By Toshia C. Humphries, M.Ed., M.A.
The experience of abuse in relationships was a pattern throughout my life. Active addiction and other untreated mental illnesses—as well as the accompanying dysfunction and abuse—were more familiar to me than sobriety, mental health, personal growth or serenity. In fact, those without an active addiction or untreated mental illness who had a grasp of life skills and healthy coping were honestly boring and certainly foreign to me.
It seemed I had learned to navigate in chaos. So much so, I was turned off by calm waters and now subconsciously but actively sought the drama of stormy seas. I didn’t know how to sit comfortably in peace and quiet. In fact, it terrified me. I had not learned to be accepted, loved, nurtured, supported, encouraged, valued, respected and accurately reflected.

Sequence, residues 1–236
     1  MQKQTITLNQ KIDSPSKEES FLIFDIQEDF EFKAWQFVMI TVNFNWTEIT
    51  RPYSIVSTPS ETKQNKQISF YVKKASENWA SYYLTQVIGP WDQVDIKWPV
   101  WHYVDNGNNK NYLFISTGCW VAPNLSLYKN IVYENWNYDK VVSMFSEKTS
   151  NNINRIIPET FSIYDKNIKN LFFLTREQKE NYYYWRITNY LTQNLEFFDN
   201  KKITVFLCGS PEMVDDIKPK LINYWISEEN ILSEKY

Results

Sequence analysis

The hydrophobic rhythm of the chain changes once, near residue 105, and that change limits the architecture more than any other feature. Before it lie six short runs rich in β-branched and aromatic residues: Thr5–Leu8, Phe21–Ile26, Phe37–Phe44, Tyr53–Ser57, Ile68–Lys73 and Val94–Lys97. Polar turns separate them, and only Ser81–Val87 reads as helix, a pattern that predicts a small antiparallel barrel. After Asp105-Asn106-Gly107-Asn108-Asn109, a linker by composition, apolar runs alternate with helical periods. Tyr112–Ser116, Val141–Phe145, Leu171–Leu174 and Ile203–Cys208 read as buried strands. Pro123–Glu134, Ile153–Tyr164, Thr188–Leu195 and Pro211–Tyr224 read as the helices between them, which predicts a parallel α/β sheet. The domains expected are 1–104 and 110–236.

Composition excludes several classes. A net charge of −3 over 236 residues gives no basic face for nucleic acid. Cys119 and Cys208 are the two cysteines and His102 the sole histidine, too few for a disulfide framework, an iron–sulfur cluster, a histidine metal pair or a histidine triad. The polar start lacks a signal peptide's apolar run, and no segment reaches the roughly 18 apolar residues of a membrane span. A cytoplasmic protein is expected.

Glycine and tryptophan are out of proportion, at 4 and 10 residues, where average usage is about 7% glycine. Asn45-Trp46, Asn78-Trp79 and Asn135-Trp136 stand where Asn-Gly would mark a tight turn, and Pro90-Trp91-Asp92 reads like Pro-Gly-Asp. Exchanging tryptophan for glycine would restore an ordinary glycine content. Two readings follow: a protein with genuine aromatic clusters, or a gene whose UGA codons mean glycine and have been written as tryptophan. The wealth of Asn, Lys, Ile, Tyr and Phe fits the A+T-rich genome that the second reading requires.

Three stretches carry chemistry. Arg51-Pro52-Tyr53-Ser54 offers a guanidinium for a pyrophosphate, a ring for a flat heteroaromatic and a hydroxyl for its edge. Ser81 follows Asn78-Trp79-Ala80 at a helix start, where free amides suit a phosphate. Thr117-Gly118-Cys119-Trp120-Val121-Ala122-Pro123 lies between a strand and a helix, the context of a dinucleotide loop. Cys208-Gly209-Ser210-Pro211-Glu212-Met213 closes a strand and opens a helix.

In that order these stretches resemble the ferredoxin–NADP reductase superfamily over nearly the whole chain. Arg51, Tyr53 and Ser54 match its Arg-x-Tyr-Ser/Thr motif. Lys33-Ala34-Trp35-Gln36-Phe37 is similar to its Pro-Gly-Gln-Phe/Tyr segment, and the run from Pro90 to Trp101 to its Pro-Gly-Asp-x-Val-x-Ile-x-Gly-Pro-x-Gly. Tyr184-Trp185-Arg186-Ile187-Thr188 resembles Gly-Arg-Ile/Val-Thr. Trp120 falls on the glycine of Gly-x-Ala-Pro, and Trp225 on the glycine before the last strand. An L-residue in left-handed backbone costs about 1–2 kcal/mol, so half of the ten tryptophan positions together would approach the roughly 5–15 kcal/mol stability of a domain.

Then, I hit age 30, and suffered a devastating panic attack which forced me to seek counseling. In the first session, I came to realize something quite profound; the person doing the most damage to myself was me. I was now an adult and no longer being involuntarily subjected to abuse, addiction, dysfunction and chaos by adults, entrusted with my care and responsible for my emotional and physical safety. Instead, I was now knowingly subjecting myself to all those things. My relationship with myself had become the most abusive, and that’s the relationship on which I needed to focus—the one I needed to change.
I was fortunate enough to have an amazing counselor who suggested I envision a 5-year-old child sitting next to me. She told me to imagine that child constantly with me, and in every situation, ask myself, “Should this child be hearing or seeing this? Should this child be treated this way?” If the answer was no, it meant I needed to walk away. But it wasn’t just others who posed a threat. I had become my own worst enemy—my own abusive parent to the child within me.
I neglected my own emotional needs, starved myself in an effort to be pretty, physically beat myself up by running and working out constantly, criticized myself relentlessly, and so on. I had learned to abuse myself as others abused me and, therefore, continued to seek abusive, addicted and unavailable people because it was all I knew, until I learned something different in counseling.